Cholesterol is a molecule central to all human physiological processes at systemic as well as cellular levels. Cholesterol, combined with Apolipoprotein B as low-density lipoprotein (LDL) has been the focus of scientific research because the molecule has been proven to play a role in the development of cardiovascular disease, a disease of pandemic proportions. Considerable scientific and medical attention has been devoted to identifying the role and management of high levels of total serum cholesterol in order to address this global health burden, creating large scale awareness regarding lowering cholesterol concentration in circulation. However, the same molecule, combined into various lipoprotein moieties, is also involved in ‘normal’ physiological processes. In this review, an attempt has been made to elucidate some of the physiological events at the other end of the spectrum, when serum cholesterol levels are lower than normal. These health risks may need to be managed by going against the grain and actually raising serum cholesterol levels. Hypocholesterolemia is perhaps as much of a health risk as is hypercholesterolemia. These phenomena emphasize the fact that where cholesterol is concerned, maintenance of optimal systemic levels of cholesterol is more crucial than going towards either end of the cholesterol scale.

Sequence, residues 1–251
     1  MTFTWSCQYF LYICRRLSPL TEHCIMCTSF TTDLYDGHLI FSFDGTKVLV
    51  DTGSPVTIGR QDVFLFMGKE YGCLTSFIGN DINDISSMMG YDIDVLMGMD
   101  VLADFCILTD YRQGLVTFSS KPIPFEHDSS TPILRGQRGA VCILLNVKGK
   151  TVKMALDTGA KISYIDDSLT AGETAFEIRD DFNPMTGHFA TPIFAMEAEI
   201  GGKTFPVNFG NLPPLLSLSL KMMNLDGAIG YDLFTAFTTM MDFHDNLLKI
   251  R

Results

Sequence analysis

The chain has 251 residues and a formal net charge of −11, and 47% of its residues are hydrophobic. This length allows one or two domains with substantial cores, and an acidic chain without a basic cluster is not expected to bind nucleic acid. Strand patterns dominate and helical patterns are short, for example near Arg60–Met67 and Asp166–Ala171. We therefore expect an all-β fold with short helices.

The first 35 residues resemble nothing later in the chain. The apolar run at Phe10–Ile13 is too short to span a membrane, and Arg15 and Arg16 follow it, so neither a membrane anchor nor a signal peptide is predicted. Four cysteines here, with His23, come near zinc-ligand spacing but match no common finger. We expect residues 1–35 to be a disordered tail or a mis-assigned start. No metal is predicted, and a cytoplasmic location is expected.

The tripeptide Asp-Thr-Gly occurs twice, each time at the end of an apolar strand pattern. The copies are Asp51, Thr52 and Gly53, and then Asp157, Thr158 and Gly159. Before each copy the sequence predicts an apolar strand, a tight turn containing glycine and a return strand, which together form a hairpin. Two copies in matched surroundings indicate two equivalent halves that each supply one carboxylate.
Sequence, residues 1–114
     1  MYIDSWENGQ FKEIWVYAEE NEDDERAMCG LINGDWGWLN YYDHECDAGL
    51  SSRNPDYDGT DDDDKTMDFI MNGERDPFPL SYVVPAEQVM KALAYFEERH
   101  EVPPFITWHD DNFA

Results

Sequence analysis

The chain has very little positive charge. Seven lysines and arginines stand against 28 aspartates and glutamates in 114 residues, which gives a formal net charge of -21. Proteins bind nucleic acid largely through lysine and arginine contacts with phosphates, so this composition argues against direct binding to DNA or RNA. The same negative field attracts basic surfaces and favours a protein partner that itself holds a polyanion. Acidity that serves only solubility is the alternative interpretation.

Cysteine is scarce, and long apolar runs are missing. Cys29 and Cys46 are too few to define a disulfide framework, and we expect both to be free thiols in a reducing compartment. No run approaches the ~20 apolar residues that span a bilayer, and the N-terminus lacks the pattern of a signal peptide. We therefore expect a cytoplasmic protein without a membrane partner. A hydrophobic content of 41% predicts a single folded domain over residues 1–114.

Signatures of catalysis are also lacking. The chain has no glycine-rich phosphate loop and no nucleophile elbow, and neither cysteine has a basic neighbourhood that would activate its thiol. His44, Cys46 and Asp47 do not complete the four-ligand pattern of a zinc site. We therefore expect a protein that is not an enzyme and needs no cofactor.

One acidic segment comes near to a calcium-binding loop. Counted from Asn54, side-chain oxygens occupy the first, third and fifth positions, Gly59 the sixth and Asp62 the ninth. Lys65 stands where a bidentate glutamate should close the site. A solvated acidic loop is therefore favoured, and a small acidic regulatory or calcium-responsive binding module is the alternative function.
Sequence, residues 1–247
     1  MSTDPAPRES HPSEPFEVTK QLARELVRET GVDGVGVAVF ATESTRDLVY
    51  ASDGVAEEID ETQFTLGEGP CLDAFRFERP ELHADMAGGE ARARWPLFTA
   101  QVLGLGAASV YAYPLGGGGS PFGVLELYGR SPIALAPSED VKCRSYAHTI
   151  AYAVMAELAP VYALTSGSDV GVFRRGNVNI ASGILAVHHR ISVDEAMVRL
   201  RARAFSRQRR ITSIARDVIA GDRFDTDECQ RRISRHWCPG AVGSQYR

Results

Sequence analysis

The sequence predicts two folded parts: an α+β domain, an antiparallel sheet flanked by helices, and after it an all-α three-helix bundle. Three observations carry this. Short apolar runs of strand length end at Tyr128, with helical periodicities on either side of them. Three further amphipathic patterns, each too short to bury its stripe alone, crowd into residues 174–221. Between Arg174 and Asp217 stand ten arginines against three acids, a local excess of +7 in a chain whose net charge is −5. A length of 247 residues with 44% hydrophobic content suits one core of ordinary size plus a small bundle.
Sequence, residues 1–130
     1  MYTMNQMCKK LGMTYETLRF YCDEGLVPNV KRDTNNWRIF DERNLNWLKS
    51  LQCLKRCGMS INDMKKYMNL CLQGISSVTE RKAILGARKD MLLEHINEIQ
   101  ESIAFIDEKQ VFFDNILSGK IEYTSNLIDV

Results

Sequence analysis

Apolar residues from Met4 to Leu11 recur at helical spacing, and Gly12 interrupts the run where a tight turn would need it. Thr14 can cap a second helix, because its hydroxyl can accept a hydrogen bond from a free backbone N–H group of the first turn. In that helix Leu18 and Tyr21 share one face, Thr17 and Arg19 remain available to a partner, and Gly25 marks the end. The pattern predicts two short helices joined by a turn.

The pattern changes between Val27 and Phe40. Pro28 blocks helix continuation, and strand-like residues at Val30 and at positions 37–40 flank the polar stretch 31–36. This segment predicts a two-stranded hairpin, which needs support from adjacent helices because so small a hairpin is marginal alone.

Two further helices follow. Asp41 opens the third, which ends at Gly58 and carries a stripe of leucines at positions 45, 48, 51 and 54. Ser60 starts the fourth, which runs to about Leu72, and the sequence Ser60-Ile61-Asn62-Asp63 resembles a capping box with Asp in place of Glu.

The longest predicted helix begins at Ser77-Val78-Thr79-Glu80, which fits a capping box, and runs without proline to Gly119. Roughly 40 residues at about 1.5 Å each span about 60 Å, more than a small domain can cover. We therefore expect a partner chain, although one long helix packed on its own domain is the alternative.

Nagar, M. (2011). Health Risks of Very Low Cholesterol. The Science Journal of the Lander College of Arts and Sciences, 5 (1). Retrieved from https://touroscholar.touro.edu/cgi/viewcontent.cgi?article=1136&context=sjlcas